IMF is coming to broadcast. What does this mean for post workflows and will it achieve the simplicity it intends.
By April next year there will be a new file format to juggle with. This one is intended to be the one format to rule them all. SMPTE is working with the Digital Production Partnership (DPP) on joint development of an Interoperable Master Format (IMF) specification for broadcast and online.
The original SMPTE standard, ST 2067, developed in 2012, dealt with file-based interchange of finished multi-version audio-visual works. That dealt with multi-language requirements, including subtitles and closed captions all of which can be handled within one large IMP – the interoperable master package.
The DPP then took the lead in drawing up an IMF for broadcast, in co-operation with the North American Broadcasters Association (NABA) and the EBU.
For broadcasters there are two primary use cases: incoming, meaning buying content masters for further compliance processing; and outgoing, which is sales mastering. The goal is to implement a system that addresses the myriad metadata requirements of television and OTT while fitting into broadcasters’ sizable existing archives of content.
However, the jury seems out on how successful the original IMF has been. Paul Mardling, VP of Strategy, Piksel says “extremely successful” but others are less sure.
“The original vision for IMF was that movie studios would use it as the primary format for archiving content and delivering it to the supply chain,” says Dominic Jackson, Product Manager, Enterprise Products at Telestream. “So far there may be some archiving going on, but the use of IMF as a ‘live’ delivery format isn’t really here yet. We are mostly at the point where studios are distributing ‘test’ packages to ensure that recipients can handle them correctly.”
Dalet’s Chief Media Scientist, Bruce Devlin also claims take up within the Hollywood community, However, there is still a missing unifying aspect to IMF. He cites two major components behind this inability to truly make IMF a mass-market format.
“Each studio still has their own IMF delivery standards, both input and output specifications,” he says. “The broader content creative and delivery community feels that IMF is really more like 5-6 different flavours of a similar standard, since they have to make IMF Flavour A for Netflix, IMF Flavour B for a major studio and IMF Flavour C to feed their finishing/transcoding tool.”
The second missing he feels is the lack of tools able to handle IMF. “Componentized media workflows like IMF are very powerful and drastically simplify operations, but they are very complex in the back end. It requires a good platform and adapted management tools to enable simple, cost-effective solutions to ingest, manage, search/find/retrieve and transform IMF for the necessary workflows. And very few platforms have developed the data model and toolset.”
Such tools are expected to move out of testing into actual use cases and production over the first half of 2018. As they do, there shouldn’t be too much difference between the core workflows for IMF version 1 and the broadcast/online version but there are changes.
The principle differences is the need to transport ad break information to support stitching of assets from outside of the IMF container at playout.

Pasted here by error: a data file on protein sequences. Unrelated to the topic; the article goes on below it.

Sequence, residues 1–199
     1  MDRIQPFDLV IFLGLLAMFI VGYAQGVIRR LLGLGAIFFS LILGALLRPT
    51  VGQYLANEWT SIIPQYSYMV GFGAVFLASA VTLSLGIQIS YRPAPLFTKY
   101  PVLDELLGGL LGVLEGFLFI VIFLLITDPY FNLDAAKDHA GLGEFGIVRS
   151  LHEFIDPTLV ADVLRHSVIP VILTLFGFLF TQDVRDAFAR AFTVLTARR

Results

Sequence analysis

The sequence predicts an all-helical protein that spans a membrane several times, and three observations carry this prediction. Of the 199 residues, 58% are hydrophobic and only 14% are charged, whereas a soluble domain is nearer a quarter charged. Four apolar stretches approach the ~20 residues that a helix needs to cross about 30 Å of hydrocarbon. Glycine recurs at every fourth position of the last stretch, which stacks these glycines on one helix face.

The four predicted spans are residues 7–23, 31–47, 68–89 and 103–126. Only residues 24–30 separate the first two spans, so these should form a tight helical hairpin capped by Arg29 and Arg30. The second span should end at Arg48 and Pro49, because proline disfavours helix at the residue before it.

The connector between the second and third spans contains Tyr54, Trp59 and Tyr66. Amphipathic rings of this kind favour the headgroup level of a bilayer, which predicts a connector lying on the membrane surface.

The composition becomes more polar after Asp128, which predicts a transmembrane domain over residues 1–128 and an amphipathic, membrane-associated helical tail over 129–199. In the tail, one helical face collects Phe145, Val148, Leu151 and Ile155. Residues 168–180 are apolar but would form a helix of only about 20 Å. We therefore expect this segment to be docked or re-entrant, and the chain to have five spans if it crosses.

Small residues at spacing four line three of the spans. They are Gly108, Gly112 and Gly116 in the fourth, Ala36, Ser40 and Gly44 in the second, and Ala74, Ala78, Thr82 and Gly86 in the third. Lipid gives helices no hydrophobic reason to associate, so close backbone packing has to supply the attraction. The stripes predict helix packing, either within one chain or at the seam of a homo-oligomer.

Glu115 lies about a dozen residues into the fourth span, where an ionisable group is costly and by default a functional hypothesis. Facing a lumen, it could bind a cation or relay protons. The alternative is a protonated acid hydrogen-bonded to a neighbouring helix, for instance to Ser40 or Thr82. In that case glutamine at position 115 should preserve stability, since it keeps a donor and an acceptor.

“This opens the possibility of creative teams defining different break patterns and cut points in the asset depending on the required ad payload and playout length requirement,” explains Mardling. “There’s also the need to include the relationships between assets in different IMF containers to allow series and episode information to be transmitted within the container.
“There are effectively two approaches to IMF in the workflow – early or late stitching,” he says. “In an early stitching scenario the broadcaster flattens the IMF file to the required formats on receipt. This allows the rest of the broadcast workflow to remain more or less unchanged. In a late stitching scenario the IMF is processed through the workflow and in effect any edits are simply reflected in an updated CPL. Flattening does not need to occur until final playout, potentially on the fly.”
Any new version of IMF needs to be backwards compatible with current implementations. However, the majority of broadcast archives are currently flattened files, often in multiple difficult to track versions. According to Mardling, the principle issue will be in the requirement for updating tooling to work with IMF and the risk that rendering technologies may become obsolete.
“I’d expect groups like DPP to work on defining standard metadata sets for specific markets or groups or broadcasters,” says Jackson. “These metadata sets will also need to be extensible to include specific metadata requirements for individual broadcasters.”
If IMF for broadcast is going to work, broadcasters and the kit suppliers will be required to introduce new ways of handling files.
“Most of the existing tools that broadcasters use are not necessarily very IMF friendly,” says Jackson. “The asset management systems, transcoders, edit systems and the like are all likely going to need some upgrade to deal with IMF successfully. Just the implications of the fact that IMF is a group of files rather than a single one are going to be significant for broadcast supply chain, and that’s just the start of it.”
Deciding on a primary codec for the format seems too thorny an issue to be sorted. “ProRes in IMF seems to be here to stay but I doubt that will meet everyone’s needs,” says Jackson. “Codec choice is too challenging to agree on.”
Mardling believes the issue is a storm in a teacup; “As with other similar standards, shims will be required to ensure interoperability but this should not be a major impediment to adoption.”
The codec issue arises when broadcasters need to know that IMF will be backwards compatible with their archive.
“Given that IMF itself is a standardized format, and self-referential toward the essence storage, the main concern broadcasters should have with their archive is codec choice,” says Devlin. “Will my chosen codec be usable 10-30 years in the future? You would be hard pressed to agree that any codec designed for archive, beyond JPEG-2000, would answer that question as a yes.
“So, you have a trade off that occurs in broadcast archives that is different from studio archives. Whereas studio archives are generally more concerned with long term preservation, repackaging and resale, broadcast archives are generally more concerned with enabling fast turnaround workflows, with long term preservation a secondary concern.”